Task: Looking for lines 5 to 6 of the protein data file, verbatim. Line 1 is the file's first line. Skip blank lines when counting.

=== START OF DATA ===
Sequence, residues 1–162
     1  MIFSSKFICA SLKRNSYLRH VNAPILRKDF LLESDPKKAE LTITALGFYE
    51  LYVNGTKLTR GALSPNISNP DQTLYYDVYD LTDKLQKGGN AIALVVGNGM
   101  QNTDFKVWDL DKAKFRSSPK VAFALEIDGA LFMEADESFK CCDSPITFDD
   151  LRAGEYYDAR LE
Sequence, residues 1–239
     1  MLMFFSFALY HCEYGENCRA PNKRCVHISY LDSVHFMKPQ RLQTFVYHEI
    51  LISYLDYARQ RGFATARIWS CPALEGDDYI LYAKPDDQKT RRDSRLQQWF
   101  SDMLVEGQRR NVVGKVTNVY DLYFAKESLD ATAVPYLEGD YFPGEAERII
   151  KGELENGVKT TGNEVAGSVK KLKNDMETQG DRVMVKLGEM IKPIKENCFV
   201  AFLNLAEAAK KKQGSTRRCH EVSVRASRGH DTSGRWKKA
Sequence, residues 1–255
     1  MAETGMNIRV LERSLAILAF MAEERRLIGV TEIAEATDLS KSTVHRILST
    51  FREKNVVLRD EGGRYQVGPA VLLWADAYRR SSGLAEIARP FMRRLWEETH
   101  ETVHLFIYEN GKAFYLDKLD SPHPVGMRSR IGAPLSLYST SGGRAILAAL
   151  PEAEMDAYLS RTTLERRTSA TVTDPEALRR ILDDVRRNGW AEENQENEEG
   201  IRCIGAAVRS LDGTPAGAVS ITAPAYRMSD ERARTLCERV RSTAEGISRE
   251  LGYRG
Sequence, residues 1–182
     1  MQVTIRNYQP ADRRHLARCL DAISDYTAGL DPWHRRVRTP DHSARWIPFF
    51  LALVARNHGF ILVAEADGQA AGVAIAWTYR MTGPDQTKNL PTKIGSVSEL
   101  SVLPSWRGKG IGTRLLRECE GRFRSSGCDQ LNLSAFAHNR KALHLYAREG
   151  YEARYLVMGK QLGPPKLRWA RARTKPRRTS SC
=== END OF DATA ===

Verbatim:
   151  LRAGEYYDAR LE
Sequence, residues 1–239